On the Fourth of July each year, Americans mark a solemn observation of the time when our ancestors overthrew the crushing yoke of foreign imperialism in the traditional American way: with an excess of beer, explosives, and meat cooked over an open fire. In the mid-18th century, most people in England would have agreed that the American Colonies were revolting, but in the summer of 1776 that became a documented fact with the approval and signing of the Declaration of Independence by the Second Continental Congress at, what is now known as, Independence Hall in Philadelphia.
However, July 4 is not when the American Revolution actually began. The British government’s attempt to recoup the costs of the French and Indiana war, fought to defend the American colonies, led to anti-taxation protests and general resentment against the government – the famed “taxation without representation.” The increasing tensions first turned violent at the Boston Massacre on March 5, 1770 when five colonists were killed by British troops in front of the Boston’s Custom House. That was followed by the Boston Tea Party on December 16, 1773. The first military action took place in the battles of Lexington and Concord on April 19, 1775 with “the shot heard round the world.” This was followed by the first American military victory at Fort Ticonderoga on May 10, 1775 and the first major battle of the war (which the American’s lost), the Battle of Bunker Hill on June 17, 1775. So, by the time independence was declared on July 2, 1776, hostilities were well underway. On July 4, the official wording of the Declaration of Independence was approved and, on August 2, it was signed. As with many things, it’s not the boring historical facts that are remembered most, but what makes the best story – and people love a good story.
Speaking of good stories – and revolutions – there’s nothing like a revolution story to stir the heart: the idealistic, scrappy underdogs fighting to defend their principals and secure their freedom from a larger, more powerful, and oppressive ruling force. The folks at the entertainment news site Screen Rant have turned their love of a good revolution into a list of the best revolution-themed movies of all time. The movies on the Screen Rant list run the gamut from fact-based to pure fantasy, as does much of the “history” we remember and celebrate. “Whether they’re toppling empires or fighting back against alien invasions, these rebellions never fail to demonstrate the power of the human spirit.” If you’re more the sort who enjoys the occasional bit of sober reflection mixed into your entertainment, then perhaps the Council on Foreign Relations’ list of movies about “revolts, rebellions, and revolutions” will be more to your taste.
Whichever kind of revolution appeals to you most, you’ll find all the films listed in the EIDR registry, along with their descriptive metadata and links to other sites and services for more information (full cast list, synopsis, ratings, etc.) and viewing.
 Then, the Pennsylvania State House, built in 1732 (completed in 1748). It was not known as Independence Hall until after a visit by the Marquis de Lafayette in 1824 called attention to its neglect as a key landmark of the American Revolution.
 The difference between a “revolution” and a “civil war” is a matter of who won. America has had one revolution (the ruling government lost and turned power over to the revolutionaries) and 1.05 civil wars (the ruling government won and retained power).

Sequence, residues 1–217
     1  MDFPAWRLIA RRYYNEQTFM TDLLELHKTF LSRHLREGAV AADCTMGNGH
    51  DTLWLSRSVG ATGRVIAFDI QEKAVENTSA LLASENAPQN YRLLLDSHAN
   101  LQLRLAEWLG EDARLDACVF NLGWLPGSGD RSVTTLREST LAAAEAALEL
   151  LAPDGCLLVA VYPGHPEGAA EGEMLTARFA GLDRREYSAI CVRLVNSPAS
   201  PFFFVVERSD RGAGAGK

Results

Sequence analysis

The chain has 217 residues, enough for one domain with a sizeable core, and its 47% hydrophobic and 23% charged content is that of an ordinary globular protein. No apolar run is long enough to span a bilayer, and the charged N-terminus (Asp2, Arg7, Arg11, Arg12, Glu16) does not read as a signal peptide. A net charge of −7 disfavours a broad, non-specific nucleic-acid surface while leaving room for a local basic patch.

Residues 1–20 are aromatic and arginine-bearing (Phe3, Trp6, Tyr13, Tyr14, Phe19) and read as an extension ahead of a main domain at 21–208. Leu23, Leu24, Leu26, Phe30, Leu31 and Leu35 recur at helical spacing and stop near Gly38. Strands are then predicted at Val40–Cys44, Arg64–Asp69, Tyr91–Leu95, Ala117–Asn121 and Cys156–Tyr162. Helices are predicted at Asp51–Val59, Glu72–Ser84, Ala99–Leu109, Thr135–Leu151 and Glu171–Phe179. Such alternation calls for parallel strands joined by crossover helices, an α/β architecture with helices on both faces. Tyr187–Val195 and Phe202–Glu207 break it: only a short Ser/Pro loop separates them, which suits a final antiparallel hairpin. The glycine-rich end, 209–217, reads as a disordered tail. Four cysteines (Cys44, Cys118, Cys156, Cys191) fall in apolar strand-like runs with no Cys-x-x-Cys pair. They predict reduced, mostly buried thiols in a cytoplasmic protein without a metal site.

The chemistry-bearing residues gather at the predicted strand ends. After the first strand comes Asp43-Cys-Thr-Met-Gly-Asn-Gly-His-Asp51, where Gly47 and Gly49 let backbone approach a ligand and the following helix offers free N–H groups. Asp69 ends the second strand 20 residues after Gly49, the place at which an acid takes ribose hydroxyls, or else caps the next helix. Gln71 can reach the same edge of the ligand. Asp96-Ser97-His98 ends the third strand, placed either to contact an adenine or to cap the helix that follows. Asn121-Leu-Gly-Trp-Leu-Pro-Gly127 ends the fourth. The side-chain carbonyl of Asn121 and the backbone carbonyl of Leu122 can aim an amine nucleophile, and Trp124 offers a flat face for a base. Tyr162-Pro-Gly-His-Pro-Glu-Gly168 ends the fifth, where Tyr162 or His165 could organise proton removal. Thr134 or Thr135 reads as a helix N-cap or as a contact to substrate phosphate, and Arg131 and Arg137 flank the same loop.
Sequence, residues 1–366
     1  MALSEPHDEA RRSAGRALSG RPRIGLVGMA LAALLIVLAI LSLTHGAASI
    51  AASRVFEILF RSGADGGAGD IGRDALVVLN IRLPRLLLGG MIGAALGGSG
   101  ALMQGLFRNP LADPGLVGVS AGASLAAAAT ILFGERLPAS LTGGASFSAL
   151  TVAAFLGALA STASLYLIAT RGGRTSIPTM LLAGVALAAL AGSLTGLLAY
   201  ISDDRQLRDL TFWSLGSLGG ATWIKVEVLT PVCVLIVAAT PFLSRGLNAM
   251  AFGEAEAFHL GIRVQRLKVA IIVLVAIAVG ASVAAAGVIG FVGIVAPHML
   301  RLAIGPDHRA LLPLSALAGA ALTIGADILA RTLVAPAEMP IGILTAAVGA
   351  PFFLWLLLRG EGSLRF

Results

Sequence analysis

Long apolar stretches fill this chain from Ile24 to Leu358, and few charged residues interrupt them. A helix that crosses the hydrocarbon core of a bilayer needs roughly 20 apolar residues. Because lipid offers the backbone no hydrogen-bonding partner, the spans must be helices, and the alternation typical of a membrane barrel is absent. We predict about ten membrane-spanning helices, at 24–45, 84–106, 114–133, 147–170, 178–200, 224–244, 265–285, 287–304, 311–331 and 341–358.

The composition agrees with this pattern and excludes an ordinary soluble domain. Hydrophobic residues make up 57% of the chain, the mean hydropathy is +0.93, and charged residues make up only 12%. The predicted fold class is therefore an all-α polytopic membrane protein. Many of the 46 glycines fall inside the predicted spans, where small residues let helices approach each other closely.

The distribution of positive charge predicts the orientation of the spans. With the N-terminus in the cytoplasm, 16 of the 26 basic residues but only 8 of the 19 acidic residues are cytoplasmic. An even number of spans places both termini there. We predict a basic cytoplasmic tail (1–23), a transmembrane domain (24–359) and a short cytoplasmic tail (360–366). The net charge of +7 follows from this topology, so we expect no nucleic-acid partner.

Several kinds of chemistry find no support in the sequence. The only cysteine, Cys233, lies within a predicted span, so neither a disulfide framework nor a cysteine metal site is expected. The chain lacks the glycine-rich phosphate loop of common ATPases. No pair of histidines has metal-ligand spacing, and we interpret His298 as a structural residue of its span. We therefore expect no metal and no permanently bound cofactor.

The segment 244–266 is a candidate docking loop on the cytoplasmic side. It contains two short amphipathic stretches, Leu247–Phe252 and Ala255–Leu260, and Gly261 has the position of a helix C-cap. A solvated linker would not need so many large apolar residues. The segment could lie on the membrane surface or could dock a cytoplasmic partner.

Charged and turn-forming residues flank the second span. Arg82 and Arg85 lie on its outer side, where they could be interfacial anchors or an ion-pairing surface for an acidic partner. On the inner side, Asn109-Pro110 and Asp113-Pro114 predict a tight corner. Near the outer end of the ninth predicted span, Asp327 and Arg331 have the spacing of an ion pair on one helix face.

British Major George Washington (yes, that George Washington) actually led the opening battle of the French and Indian War on May 28, 1754 when he ordered the ambush of a party of Canadiens (French colonists then living in what would become Pennsylvania).
 Including Crispus Attucks, the first Black man to die in the war.
 The mob originally gathered over a false accusation by Edward Garrick, a wigmaker’s apprentice, that one of the British officers had failed to pay for a wig. After the incident, the soldiers were defended in court by John Adams (yes, that John Adams – signer of the Declaration of Independence, the first US vice president, and then second US president). The case against Captain Preston, who led the British soldiers, ended in an acquittal and the first reference to “reasonable doubt” in an American jury verdict.
 This was preceded by Paul Revere’s famous ride on the evening of April 18, 1775.
 Technically, this took place at Breed’s Hill, but someone misread a map.
 Yes, July 2. Independence was declared with the passage of the Lee Resolution, submitted by Richard Henry Lee of Virginiia. It read, in part: “Resolved, That these United Colonies are, and of right ought to be, free and independent States, that they are absolved from all allegiance to the British Crown, and that all political connection between them and the State of Great Britain is, and ought to be, totally dissolved.” On July 3, John Adams wrote in a letter to his wife, Abigail, “The second day of July, 1776, will be the most memorable epoch in the history of America.”
 Yes, August 2. On July 4, many of the delegates who would go on to sign the Declaration of Independence were not in Philadelphia and some hadn’t even been elected to Congress yet.
 America did not actually gain its independence until September 3, 1783 with the signing of the Treaty of Paris.
 The Council on Foreign Relations follows their own set of rules for their movie recommendations: They don’t repeat themselves (Gandhi was on their list of the best movie biographies); they only include English-language films (thus excluding The Battle of Algiers and Battleship Potemkin); and they limit themselves to this planet and the current timeline within the multiverse (so no Star Wars, Rogue One, Bananas, or Hunger Games: Catching Fire).